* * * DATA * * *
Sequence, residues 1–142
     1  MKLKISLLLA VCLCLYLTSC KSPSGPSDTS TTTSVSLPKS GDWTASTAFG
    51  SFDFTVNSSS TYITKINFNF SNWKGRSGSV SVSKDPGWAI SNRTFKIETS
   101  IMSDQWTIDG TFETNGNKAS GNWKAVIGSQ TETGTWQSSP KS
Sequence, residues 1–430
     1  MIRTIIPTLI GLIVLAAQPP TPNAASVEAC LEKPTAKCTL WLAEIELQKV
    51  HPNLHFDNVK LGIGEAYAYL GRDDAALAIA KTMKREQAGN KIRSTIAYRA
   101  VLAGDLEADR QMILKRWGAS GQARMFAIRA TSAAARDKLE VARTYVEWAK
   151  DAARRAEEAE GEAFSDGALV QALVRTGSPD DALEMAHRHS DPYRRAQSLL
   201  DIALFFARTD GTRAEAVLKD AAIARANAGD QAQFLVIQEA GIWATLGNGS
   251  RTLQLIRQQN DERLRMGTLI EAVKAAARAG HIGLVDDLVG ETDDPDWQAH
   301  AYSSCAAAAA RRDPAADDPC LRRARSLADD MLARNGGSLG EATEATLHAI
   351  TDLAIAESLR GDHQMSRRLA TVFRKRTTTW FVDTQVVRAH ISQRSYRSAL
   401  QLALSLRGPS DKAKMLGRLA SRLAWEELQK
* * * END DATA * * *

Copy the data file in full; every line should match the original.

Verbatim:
Sequence, residues 1–142
     1  MKLKISLLLA VCLCLYLTSC KSPSGPSDTS TTTSVSLPKS GDWTASTAFG
    51  SFDFTVNSSS TYITKINFNF SNWKGRSGSV SVSKDPGWAI SNRTFKIETS
   101  IMSDQWTIDG TFETNGNKAS GNWKAVIGSQ TETGTWQSSP KS
Sequence, residues 1–430
     1  MIRTIIPTLI GLIVLAAQPP TPNAASVEAC LEKPTAKCTL WLAEIELQKV
    51  HPNLHFDNVK LGIGEAYAYL GRDDAALAIA KTMKREQAGN KIRSTIAYRA
   101  VLAGDLEADR QMILKRWGAS GQARMFAIRA TSAAARDKLE VARTYVEWAK
   151  DAARRAEEAE GEAFSDGALV QALVRTGSPD DALEMAHRHS DPYRRAQSLL
   201  DIALFFARTD GTRAEAVLKD AAIARANAGD QAQFLVIQEA GIWATLGNGS
   251  RTLQLIRQQN DERLRMGTLI EAVKAAARAG HIGLVDDLVG ETDDPDWQAH
   301  AYSSCAAAAA RRDPAADDPC LRRARSLADD MLARNGGSLG EATEATLHAI
   351  TDLAIAESLR GDHQMSRRLA TVFRKRTTTW FVDTQVVRAH ISQRSYRSAL
   401  QLALSLRGPS DKAKMLGRLA SRLAWEELQK